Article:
We've all had the experience of losing something and at that time realizing just how precious that particular thing truly was. If you carried a "blankie" around when you were little, you probably remember a time when it was misplaced. Until that time, it was just your blankie, a constant companion that was always there, but it meant even more when it was gone. Security blankets are important and as we get older they come in other forms, the most common being common sense, good judgment and following the rules. Even though we've grown older, we all know the sense of unease when our safety feels threatened. At Lee Richardson Zoo, we strive daily to make sure no one has that feeling while at the zoo.

Regretfully, we periodically hear about incidents with animals when someone's safety and security has gone missing. Most recently in California when a woman lost her life while caring for a lion at a sanctuary. Prior to that, the killer whale trainer who died in 2012 and in 2011 an elephant keeper died in Tennessee, plus in Ohio a number of exotic animals from a sanctuary lost their lives due to the actions of the man who owned them. In 2007, a young man died after a tiger attack at a California zoo, and a cat keeper died in Colorado after a jaguar attack. And back in 2005, in southeast Kansas, a senior in high school lost her life during senior pictures with an exotic cat. Back through the years there have been other incidents across the country that could be listed, but you get the idea. Somewhere along the line, someone makes a mistake, whether it is an overt action or a mistake in judgment, and mistakes have repercussions. Safety is a precious thing.

Whether it's in a zoo, a sanctuary or with a common pet, working with animals is a big responsibility. Not only are you responsible for your own safety, but also for the welfare of the animals, the safety of your colleagues and those who visit your facility (or home if we're talking pets). At Lee Richardson Zoo, safety is uppermost in our minds at all times.

A basic consideration when deciding whether or not to bring a new species to the zoo is if we can meet all of its needs in a manner that is safe for all. Much of the maintenance department's day is occupied with keeping the facilities safe. Staff members go through at least four emergency drills each year ranging in topics from natural disasters to animal escapes.

When interviewing a new keeper candidate, safety is one of the many aspects we delve into. New keeper orientation and training is rife with safety practices, from personal protective equipment to be worn while using a weed eater to double checking each and every lock used each and every time, and much, much more.

A keeper's daily routine is so safety oriented that most of it becomes second nature. At that time the challenge is to keep it from becoming so routine that you miss something. Operating on "remote control" during the job can be a hazard. A keeper has to always be in the moment and analyzing each moment. Is the door closed all the way? Did the latch catch properly? Is the siamang all the way through the door before you close it; is she going to boomerang back and try to squeeze through the narrowing doorway before you finish closing it all the way? Is each post of the exhibit still firmly in the ground and each strand of the exhibit wire intact? Is the toddler who is walking 10 paces in front of her parents going to stop at the roadway; will the parents get to her first if she doesn't? Do I have a good enough hold on this kangaroo to keep others from getting kicked while it gets a vaccination? Is the addax that is walking toward me going to turn and continue in another direction like it always has in the past or is it going to charge? Can I net the quick and agile Goeldi's monkey without hitting it with the rim of the net? Is the child playing in the dirt or is he picking it up to throw it at the animal?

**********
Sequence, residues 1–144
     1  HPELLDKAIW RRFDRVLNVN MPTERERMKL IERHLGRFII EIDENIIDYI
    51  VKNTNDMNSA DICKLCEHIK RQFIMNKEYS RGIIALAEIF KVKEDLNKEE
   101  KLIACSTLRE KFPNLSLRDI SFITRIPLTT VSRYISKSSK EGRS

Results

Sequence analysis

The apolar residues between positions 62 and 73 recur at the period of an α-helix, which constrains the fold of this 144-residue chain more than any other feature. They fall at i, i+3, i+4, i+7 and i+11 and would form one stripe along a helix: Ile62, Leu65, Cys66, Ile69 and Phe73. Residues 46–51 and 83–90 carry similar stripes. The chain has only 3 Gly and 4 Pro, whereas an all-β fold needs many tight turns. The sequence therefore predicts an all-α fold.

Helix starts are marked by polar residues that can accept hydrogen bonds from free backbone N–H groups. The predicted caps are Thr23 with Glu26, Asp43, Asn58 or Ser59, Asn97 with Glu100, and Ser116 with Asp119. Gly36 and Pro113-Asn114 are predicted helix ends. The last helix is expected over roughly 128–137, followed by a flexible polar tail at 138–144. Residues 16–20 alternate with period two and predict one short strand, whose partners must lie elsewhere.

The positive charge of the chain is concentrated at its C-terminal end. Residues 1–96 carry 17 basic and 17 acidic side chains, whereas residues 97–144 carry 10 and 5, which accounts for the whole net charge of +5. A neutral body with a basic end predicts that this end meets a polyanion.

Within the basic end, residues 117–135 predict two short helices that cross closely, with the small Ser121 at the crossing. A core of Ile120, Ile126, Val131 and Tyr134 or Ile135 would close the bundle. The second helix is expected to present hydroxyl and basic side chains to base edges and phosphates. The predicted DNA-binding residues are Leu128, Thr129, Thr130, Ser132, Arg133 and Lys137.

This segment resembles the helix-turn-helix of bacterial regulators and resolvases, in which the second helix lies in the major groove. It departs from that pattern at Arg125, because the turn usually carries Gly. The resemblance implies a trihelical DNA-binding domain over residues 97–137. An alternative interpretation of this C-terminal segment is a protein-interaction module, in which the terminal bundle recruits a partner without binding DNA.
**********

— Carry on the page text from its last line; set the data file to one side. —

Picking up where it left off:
You can't take anything at face value. This doesn't apply only to the keepers; it's the same for all zoo staff members. Safety is everyone's responsibility.

That responsibility can weigh heavily on those who carry it. I've turned back to check locks again just because as I walk off, when I replay it in my head, I'm not 110 percent sure (there is no room for error). I've even gone back after leaving work to check on doors or locks one last time to quiet that nagging whisper at the back of my mind as I review the day in my thoughts. I'm not the only one with these idiosyncrasies. In fact, I'd say it's a safe bet that I'm in the majority within the profession. My husband now teases me about my level of "paranoia," but after almost 29 years in the business, I come to it fairly and it's served me well. I know a keeper who, after accidentally letting some chimps into the keeper service area, even though everything was resolved without injury to human or chimp, transferred to the bird department because she didn't want that level of responsibility. The job is enjoyable and rewarding, but it has its downside.

If you find this enlightening, and you never had the occasion to think about the zoo that way, then good, we're doing our job well. Sure, we ask you to stay on your side of the fence, don't reach into the animal area to try to pet the animals and a few other simple things like that. But, in general, we want to make your visit to the zoo as carefree as possible so that you can just enjoy the animals, connect with them and maybe learn something while you're at it. We focus on the welfare and safety of the animals, our staff and visitors so you can relax.

Come, relax and enjoy Lee Richardson Zoo.

Visit our website at www.leerichardsonzoo.org.